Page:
The layout is very easy on the eye and each entry covers what, where and when to look for the foods as well as comments on taste and use and any cautions to be taken. A handy little blue box for each entry contains a “foragers checklist” of the most essential features to look for. The prize, though, is a recipes section to get the mouth watering with visions of “Watercress Soup” and “Parasol Platters”.

The New Guide to Mushrooms – Peter Jordan

Peter Jordan is the foremost mushroom guru of the British Isles and I would consider any one of his excellent guides (there are several) to be absolutley essential. This volume got me started in mushroom foraging. It contains over 300 colour photographs to aid identification and the book is divided into edibles and poisonous sections, with a thorough introduction to fungi foraging, picking, storing and equipment in general.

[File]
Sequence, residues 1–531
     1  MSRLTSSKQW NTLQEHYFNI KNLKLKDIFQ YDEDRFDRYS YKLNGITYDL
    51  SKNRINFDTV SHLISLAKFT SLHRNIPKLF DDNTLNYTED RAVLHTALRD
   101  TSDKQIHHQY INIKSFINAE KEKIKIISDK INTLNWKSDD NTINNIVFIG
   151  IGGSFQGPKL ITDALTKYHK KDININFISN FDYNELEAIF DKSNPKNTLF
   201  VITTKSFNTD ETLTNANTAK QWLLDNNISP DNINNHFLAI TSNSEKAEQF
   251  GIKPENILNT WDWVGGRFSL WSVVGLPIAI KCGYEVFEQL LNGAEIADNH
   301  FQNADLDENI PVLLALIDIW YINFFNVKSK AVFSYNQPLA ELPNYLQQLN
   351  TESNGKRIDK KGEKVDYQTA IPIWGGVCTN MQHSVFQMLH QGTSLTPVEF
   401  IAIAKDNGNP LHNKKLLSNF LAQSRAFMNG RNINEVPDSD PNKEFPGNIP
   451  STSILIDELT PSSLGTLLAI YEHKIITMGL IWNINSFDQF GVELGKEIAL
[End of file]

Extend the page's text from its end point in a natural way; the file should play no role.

About 35 edible species are covered, with at least two pages for each entry, that will provide an excellent starting point in the repertoire of a forager. There are a couple of odd items that you are unlikely to find in the UK, like the truffles and matsutake, but this book is not exclusively for the British Isles. It is also too big to lug around in the field, but perfect to keep at home for consultation.

This book is full of sound advice that comes from a lifetime of safely foraging for and eating fungi. Peter Jordan’s sound motto was “if in doubt leave it out”. The species covered in The New Guide to Mushrooms are generally among those that would be easiest to identify for a beginner and he always includes some caution about specific poisonous look alikes to avoid.

An Illustrated Guide to Mushrooms and Other Fungi of Britain and Northern Europe – Geoffrey Kibby.

With a mouthful of a title, this book suggests that it is more of the kind of scholarly guide that I would recommend every forager keeps at home to check identification. It is still not completely exhaustive but this is more of a mycological work.